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Five Lessons from a Citizen of the World

Five Lessons from a Citizen of the World

Shannon O'Donnell, '06, has experienced more than 40 countries. Her book, The Volunteer Traveler's Handbook, helped the 29-year-old earn one of National Geographic Traveler magazine's 2013 Traveler of the Year awards.

Fall 2014

“In 2008 at Los Angeles International Airport, I watched out the window as the ground crew loaded my bag onto a plane that would take me on a one-way flight to Australia. It was the start of a yearlong around-the-world journey and the realization of my dream to see other places — to find a purpose by experiencing other cultures and countries. I didn’t know it, but that solo trip would evolve into six years of slowly working my way across the globe. Here are five things I’ve learned from a life of travel.”

The World Is Kind

“There are real dangers, but for me, traveling illustrated the inherent kindness in the world. In every corner of the globe, new friends welcomed me into their homes, helped me when I was sick, and generously shared their cultures. Travel affords the chance to approach each new place with curiosity and empathy — an approach that is echoed back manifold.”

Joy Is Everywhere

“In so many countries I’ve witnessed startling wealth disparities, vastly different educational systems, the effects of political and economic turmoil, and the hard work that goes into mere survival. Yet there was joy in even the most seemingly helpless situations. Long-term travel deepened my perspective on the world and instilled in me a daily practice of thankfulness.”

People Like Us

“I’ve spent hundreds of hours in deep conversations with strangers on buses, trains and planes. Each person offered a fascinating story, a nugget of wisdom or a nuance of the local culture. From each I learned a great respect for how different our lives can be, but even more for the shared commonalities. Laughter, love and community transcend culture and unite us.”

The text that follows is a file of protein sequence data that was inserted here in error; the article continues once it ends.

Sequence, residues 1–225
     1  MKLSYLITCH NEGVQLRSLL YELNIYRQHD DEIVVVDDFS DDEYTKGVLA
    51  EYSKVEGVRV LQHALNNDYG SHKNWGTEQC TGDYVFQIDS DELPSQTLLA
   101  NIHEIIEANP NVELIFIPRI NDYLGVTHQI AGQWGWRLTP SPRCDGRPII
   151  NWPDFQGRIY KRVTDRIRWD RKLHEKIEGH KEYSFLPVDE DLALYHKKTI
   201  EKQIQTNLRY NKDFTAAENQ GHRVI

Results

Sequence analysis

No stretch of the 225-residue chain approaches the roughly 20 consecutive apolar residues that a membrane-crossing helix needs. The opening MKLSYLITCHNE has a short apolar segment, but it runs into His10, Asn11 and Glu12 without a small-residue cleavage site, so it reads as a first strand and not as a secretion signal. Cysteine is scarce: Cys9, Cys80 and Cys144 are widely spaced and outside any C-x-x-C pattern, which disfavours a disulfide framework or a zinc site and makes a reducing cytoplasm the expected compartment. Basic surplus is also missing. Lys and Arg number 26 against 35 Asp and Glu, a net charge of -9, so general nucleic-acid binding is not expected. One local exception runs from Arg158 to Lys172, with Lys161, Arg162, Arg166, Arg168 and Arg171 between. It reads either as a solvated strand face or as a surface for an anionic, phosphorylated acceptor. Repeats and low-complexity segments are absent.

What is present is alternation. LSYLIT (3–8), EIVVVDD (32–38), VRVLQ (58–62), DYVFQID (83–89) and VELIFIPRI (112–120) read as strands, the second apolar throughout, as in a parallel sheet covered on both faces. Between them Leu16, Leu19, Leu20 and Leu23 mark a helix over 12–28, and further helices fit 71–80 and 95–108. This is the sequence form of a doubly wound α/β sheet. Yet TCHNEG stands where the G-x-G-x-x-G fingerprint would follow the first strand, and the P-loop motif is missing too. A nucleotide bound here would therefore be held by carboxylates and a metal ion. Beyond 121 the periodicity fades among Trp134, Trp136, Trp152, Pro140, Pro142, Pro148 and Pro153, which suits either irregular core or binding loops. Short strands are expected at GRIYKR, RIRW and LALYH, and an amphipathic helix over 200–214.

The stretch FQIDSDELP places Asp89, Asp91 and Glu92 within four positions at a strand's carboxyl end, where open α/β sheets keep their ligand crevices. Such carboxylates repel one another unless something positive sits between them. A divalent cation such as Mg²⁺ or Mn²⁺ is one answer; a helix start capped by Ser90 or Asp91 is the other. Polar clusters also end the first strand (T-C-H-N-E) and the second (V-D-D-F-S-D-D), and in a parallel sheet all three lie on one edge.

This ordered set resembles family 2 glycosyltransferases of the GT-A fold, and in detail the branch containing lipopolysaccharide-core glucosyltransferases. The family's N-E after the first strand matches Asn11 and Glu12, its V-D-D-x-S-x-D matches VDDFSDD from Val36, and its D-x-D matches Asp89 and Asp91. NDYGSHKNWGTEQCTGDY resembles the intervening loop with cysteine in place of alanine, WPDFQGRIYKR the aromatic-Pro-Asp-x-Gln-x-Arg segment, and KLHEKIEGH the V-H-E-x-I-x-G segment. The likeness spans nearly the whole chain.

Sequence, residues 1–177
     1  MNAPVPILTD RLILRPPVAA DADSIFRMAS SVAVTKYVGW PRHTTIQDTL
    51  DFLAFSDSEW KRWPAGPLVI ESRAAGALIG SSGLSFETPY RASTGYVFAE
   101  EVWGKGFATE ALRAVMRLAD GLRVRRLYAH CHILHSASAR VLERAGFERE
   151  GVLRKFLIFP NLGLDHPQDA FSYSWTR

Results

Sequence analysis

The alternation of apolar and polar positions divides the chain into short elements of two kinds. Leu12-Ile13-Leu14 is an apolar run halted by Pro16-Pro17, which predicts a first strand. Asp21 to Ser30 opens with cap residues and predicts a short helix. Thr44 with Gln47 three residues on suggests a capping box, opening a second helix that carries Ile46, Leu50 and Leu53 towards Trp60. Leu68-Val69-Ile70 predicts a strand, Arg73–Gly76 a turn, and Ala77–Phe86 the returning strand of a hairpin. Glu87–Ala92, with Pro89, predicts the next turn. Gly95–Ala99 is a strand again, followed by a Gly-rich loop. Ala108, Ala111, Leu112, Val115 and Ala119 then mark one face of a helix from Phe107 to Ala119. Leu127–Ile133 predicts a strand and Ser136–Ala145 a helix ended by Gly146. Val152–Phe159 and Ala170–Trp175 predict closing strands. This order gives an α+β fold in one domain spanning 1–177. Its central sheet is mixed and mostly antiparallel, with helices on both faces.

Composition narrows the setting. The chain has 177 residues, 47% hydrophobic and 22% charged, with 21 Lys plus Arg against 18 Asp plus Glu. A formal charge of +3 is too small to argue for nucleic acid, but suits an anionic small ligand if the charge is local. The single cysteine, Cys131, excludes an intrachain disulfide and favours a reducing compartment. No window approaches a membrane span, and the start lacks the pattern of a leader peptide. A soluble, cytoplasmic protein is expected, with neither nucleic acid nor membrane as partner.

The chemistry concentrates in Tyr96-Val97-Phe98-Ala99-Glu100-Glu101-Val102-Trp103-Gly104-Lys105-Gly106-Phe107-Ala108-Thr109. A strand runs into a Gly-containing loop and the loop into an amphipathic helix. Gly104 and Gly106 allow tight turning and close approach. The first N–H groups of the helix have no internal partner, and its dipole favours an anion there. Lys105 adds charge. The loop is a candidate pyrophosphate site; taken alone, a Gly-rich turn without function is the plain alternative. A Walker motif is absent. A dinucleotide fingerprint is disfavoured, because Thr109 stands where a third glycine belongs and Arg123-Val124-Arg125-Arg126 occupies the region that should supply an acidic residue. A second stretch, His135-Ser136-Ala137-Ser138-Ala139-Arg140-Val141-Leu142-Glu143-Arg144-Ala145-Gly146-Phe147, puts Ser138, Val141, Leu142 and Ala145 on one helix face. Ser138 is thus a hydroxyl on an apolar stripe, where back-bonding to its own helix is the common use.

Safe Is Risky

“The idea of solo travel terrified me. Traveling pushed me into new situations where, at the moment of deepest fear, I realized the chance I was taking was the opportunity to live my life to the fullest. And I don’t mean fears like physical danger, but rather the fears that whisper [to] conform and take the safe path. Those fears prevent us from reaching our goals.”

Door Opener

“Smiling is a gift that transcends cultures. Though you should learn ‘thank you’ and ‘hello’ in the local tongue, language barriers are more easily dealt with than most people think. A simple smile has been the start of many amazing conversations over the years. That little gesture opened the door to offers of kindness because it made me more approachable. I count it among my most valuable possessions on the road.”

View Shannon’s travel photos:


At the Manjushri Di-Chen Buddhist Learning Center in Nepal’s Kathmandu Valley, O’Donnell used a of game Simon Says to teach English to young monks. 

Giving a native Asian elephant a bath in the Mekong River was a memorable experience in Laos.

Collecting fair trade coffee with a young girl from the Akha hill tribe at the remote mountain Maejantai village in Thailand.

Outside Luang Prabang, Laos, boats docked at sunset on the Mekong River, one of the most important waterways in Southeast Asia.

The ornate Vat Ho Pha Bang temple in Luang Prabang, Laos, was built to house the Phra Bang Buddha, an ancient and revered bronze statue covered in gold leaf. 

In Myanmar, O'Donnell and her niece Ana visited the Shwedagon Pagoda, which is covered in hundreds of gold plates and crowned with a 72-carat diamond.

The Bagan Archeological Zone in Burma features more than 2,000 temples dating back to the 11th century.

During a visit to Jordan, O'Donnell learned a centuries-old method to make bread from a Bedouin woman.

The nomadic Bedouin still use camels to cross the Wadi Rum valley in Jordan.

An aerial view of the ruins around the grounds of Blarney Castle, Ireland.

Shannon and her cousin at the Taj Mahal, India.

Donning the traditionally colorful dress of the Maasai people at Maji Moto village in Kenya.

Cape Agulhas is a rocky headland in the Western Cape of South Africa that forms the geographic southern tip of the continent.